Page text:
Foreign Asset Management changing its direction towards India

Foreign Asset Management changing its direction towards India

Indian financial regulators have altered the landscape of investments. They have also brought a modification in the advisory and management fee structure of financial products. This article is concerned with the Mutual Funds and the AMC section of the BFSI industry. Regulators have been successful in bringing down expense ratios. They have also brought transparency in the system of product pricing and classification. All these have opened up new avenues for growth.

The transparency in the system has been introduced according to the global norms and regulations. In the last ten years, the regulators have brought a revolution of change in the entire industry. Their AMCs and model of business are similar to those of the developing countries.

Indian economy is in dire need of alterations in the rules and regulations of the financial industry. India is different from other developing countries. The difference lies in the current median working population, which ranges from 28 to 31. Since the year 2005, the Indian rural population has witnessed a decline too. The rural population has reduced from 59% to 51%. All these have led to a demand for reformation in the financial industry shortly.

India is slowly traversing towards a developed economy. Hence there needs to be transparency in the pricing of financial products. It should be under control so that clients can reap maximum benefits. Certain sells based advice models have led to miss-selling. Any person who belongs to the BFSI industry cannot simply turn a deaf ear to this issue. Regulators have worked hard and come up with solutions for this problem too. As a part of these changes, specific collateral Impacts have taken place. But for the sake of the growth of the BFSI industry, these compromises and sacrifices had to be made.

The simplicity of product identification, mapping and classification as per the benchmarks, advisory and sales-related rules and regulations, as well as the significant Promotion of Direct Schemes, have brought modifications in the AMC and Mutual Funds industry. The long term industry of Mutual Funds has benefitted from the transformation of performance-based sales.

Brokerage rates or commission has played a crucial role in the selling of products in the last ten years. Only a very limited number of people preferred to sell products based on performance or advisory.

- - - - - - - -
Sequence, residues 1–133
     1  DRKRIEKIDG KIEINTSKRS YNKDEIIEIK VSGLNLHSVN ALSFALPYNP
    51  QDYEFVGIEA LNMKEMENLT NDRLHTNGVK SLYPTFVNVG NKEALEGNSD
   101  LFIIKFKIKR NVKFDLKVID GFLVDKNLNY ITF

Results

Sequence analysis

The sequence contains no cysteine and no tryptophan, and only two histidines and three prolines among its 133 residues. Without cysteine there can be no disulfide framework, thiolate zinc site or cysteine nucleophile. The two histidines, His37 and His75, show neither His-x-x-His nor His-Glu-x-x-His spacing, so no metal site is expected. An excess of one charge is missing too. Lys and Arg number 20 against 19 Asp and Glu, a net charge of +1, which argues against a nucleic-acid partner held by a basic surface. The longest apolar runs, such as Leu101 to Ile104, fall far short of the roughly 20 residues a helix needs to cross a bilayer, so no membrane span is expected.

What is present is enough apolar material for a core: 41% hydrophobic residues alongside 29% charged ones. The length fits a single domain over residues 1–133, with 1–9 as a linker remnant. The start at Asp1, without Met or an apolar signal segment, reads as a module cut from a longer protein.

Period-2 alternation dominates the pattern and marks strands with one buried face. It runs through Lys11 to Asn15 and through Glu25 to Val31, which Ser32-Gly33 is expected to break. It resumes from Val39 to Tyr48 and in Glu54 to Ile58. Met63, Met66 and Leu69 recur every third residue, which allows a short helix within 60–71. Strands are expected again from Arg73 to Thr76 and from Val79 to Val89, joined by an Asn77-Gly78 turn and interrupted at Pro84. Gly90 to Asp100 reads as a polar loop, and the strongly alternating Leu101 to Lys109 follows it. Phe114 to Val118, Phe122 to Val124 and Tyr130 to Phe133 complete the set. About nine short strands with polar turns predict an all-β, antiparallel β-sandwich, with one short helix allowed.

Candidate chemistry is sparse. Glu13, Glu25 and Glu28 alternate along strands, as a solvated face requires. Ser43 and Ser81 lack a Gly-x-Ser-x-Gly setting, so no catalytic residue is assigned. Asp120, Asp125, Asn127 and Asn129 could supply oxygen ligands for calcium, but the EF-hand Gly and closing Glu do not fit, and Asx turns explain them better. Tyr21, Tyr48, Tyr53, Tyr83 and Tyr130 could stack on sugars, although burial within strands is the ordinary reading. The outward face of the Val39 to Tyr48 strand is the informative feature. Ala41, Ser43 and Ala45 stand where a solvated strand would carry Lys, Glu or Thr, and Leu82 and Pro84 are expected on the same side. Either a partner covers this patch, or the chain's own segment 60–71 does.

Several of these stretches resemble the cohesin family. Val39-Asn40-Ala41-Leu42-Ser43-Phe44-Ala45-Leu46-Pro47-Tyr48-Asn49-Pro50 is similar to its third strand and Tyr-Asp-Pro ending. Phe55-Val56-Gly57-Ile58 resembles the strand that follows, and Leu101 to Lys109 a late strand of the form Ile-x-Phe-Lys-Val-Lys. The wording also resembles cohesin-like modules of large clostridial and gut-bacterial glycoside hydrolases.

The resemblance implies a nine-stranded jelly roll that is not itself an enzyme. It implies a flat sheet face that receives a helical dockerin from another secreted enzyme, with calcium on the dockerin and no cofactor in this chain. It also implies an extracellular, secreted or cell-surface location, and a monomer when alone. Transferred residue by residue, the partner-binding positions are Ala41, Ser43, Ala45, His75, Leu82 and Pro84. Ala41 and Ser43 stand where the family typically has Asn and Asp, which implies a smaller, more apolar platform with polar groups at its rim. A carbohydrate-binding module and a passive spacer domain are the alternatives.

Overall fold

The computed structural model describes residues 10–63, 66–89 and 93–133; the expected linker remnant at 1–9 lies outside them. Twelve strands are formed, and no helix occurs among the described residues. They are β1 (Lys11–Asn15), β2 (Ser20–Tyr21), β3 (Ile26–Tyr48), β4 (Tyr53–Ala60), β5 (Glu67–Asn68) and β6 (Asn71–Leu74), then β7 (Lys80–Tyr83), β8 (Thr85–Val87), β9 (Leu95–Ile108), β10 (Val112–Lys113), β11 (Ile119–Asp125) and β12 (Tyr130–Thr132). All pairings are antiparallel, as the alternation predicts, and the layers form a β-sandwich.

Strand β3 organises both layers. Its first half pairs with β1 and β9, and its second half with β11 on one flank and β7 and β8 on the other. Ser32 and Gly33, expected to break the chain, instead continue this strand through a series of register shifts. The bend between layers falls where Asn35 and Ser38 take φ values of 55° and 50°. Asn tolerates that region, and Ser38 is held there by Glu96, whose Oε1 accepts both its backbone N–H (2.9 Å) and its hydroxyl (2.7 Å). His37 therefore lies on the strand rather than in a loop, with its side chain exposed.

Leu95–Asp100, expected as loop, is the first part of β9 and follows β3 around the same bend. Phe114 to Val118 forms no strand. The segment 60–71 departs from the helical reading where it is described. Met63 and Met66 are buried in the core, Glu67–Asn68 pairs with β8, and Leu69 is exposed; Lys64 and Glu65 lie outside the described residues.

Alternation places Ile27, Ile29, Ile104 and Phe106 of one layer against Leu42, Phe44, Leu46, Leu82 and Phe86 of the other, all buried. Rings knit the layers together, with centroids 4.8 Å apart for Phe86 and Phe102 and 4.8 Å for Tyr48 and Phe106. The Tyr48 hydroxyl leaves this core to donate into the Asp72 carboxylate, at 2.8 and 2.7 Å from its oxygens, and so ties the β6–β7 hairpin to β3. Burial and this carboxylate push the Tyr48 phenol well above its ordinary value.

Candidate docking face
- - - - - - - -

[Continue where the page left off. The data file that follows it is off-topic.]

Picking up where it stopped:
If we talk of opportunities in the coming ten years, India will witness more and more foreign AMCs opening their shops in India. Indian industry is no less than the international ones. Because of this modifi8cation, overseas companies will be attracted to the Indian market. Foreign AMCs will collaborate as well as sell products to the investors of India.

Indian investors too will prefer to invest in the global AMCs and Mutual Funds. There will be relaxation in the cross border investment policies. New avenues will open up. Earlier, the situation was different. The game was in the hands of agents and commissions. But now things are different, and a new industry is developing gradually.

The BFSI space will witness new investments. The network of IFA will be capable of selling these products to the clients shortly.

Online business has brought a revolution of change in the business scenario of India. With industry transformation, this change will keep on impacting the Indian market. Index funds, as well as ETF, will soon become a part of the Mutual Fund industry of India.

The overseas AMCs will return to India to reap the benefits of the growing middle-class population here. The main target of these AMCs will be millennial investors. Millennials are expected to bring forth more changes in the industry.

AMCs will prefer to invest in India because of the millennial workforce.

IFA community should be prepared to take advantage of these opportunities. As more and more international services will be on the offering, advisory services will experience radical changes. There will be some challenges, too, no doubt. But identifying the opportunities, facing the challenges and capitalizing the opportunities at the same time is the need of the hour.